If I paid medical expenses but collected on a settlement that covered the expenses, can I still deduct them?

@malmstorm If you have been reimbursed for medical expenses through a settlement for personal injury, then there is not a medical expense to deduct. Expenses are recovered in this case. There is no deduction to take because there is no expense.

 

See this link for more details.

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New Member

If I paid medical expenses but collected on a settlement that covered the expenses, can I still deduct them?

How does this work if you received a settlement- however, that settlement went to pay the lien of medical bills.  So you personally did not gain money- the money was paid from the attorney to the medical lien.

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Expert Alumni

If I paid medical expenses but collected on a settlement that covered the expenses, can I still deduct them?

You can only deduct medical expenses that you paid out of pocket. As a similar example, if your medical expenses are covered by insurance, they are not deductible.

 

Per IRS Publication 502:

You must reduce your total medical expenses for the year by all reimbursements for medical expenses that you receive from insurance or other sources during the year.

 

IRS Publication 502

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Returning Member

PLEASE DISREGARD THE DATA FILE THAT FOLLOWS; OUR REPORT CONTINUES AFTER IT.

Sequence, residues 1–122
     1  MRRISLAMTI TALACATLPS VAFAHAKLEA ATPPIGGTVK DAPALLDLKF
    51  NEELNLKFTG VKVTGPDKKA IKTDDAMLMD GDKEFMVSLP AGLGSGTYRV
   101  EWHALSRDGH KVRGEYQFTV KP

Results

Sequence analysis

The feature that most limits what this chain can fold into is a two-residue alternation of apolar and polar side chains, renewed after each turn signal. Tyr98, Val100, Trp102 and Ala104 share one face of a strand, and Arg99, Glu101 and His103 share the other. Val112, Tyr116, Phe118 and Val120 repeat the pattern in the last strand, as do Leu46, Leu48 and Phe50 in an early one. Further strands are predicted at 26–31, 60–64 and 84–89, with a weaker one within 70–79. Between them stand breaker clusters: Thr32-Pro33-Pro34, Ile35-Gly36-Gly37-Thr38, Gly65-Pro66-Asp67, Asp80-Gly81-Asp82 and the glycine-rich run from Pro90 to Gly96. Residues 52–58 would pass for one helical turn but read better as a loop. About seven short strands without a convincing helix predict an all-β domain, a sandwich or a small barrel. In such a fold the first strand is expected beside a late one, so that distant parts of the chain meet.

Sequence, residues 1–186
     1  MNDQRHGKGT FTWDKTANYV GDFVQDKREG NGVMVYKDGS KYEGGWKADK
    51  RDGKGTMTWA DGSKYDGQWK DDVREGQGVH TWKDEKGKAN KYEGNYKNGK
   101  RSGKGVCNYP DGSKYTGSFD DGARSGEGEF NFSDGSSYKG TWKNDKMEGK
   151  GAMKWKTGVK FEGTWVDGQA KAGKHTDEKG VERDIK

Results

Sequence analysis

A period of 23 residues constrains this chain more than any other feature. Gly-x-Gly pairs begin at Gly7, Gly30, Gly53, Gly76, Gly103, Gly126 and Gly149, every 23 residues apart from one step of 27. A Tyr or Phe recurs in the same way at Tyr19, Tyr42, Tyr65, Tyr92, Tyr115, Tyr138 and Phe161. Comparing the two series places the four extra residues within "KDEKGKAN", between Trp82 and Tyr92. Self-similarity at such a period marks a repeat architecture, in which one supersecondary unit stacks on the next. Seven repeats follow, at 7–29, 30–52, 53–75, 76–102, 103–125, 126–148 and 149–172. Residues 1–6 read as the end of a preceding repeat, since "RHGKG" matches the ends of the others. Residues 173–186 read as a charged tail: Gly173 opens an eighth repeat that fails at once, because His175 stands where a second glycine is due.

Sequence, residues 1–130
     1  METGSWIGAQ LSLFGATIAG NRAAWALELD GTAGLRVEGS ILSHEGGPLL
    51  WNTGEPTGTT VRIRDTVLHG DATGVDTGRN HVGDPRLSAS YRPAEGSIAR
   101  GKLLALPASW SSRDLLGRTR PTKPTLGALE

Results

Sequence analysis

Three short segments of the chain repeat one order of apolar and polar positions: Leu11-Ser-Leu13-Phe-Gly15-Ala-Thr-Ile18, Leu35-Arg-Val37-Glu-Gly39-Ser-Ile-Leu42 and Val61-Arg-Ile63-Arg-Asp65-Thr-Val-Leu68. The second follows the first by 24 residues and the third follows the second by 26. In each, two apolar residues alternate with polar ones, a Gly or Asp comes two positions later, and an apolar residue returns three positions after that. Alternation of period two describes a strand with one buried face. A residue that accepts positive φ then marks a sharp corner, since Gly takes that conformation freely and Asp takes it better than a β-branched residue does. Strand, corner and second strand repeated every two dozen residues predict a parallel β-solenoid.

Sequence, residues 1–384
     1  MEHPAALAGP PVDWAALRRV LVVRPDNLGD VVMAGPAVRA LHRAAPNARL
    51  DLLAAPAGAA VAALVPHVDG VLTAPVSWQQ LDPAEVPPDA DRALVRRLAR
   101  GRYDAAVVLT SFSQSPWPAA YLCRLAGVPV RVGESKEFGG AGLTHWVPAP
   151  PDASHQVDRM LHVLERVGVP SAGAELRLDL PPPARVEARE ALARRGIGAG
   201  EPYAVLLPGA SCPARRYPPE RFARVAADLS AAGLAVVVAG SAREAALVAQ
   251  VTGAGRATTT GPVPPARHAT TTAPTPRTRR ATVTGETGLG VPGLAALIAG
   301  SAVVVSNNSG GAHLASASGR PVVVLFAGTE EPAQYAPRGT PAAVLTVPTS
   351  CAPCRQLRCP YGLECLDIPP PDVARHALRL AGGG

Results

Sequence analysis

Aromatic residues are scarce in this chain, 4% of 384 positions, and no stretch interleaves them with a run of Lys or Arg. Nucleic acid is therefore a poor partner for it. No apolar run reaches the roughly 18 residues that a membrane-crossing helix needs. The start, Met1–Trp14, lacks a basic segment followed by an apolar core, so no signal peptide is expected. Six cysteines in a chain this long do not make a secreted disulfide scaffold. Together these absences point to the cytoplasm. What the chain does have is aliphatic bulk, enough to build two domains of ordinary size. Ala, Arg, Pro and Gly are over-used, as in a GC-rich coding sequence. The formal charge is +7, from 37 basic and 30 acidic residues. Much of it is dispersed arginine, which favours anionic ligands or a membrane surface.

If I paid medical expenses but collected on a settlement that covered the expenses, can I still deduct them?

When I receive settlement, it must be income tax deductible for medicinal lines what I already paid?

 

 

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Level 15

If I paid medical expenses but collected on a settlement that covered the expenses, can I still deduct them?


@sundollar2 wrote:

When I receive settlement, it must be income tax deductible for medicinal lines what I already paid?

 

 


A settlement for illness or injury is not directly taxable, but you may not claim a tax deduction for medical expenses if they were paid with non-taxed money.  If you took a tax deduction and are reimbursed later tax-free, you have to repay the deduction. 

 

For example, you were injured in 2019 and paid $50,000 of medical expenses.  You claimed this as an itemized deduction on your 2019 schedule A.  Because of the 7.5% income limit, your actual deduction was $20,000.  In 2020, you received a settlement for your injuries in the amount of $45,000.  It's not taxable income by itself, but since this is more than the $20,000 medical expenses deduction, you have to pay back that deduction.  You list it as a "taxable recovery" (reimbursement of a previous tax deduction) in the Other Uncommon Income section of Turbotax.

 

On the other hand, suppose your medical expenses were only $5000, and you did not itemize your deductions that year.  Then, your $5000 settlement is not taxable and you don't have any deduction to repay. 

 

Any part of the settlement that is for punitive damages or interest is always taxable.  Damages for pain and suffering are not taxable if the pain and suffering was due to a physical illness or injury, but pain and suffering settlements are taxable if the original injury was not physical. 

*Answers are correct to the best of my ability but do not constitute legal or tax advice.*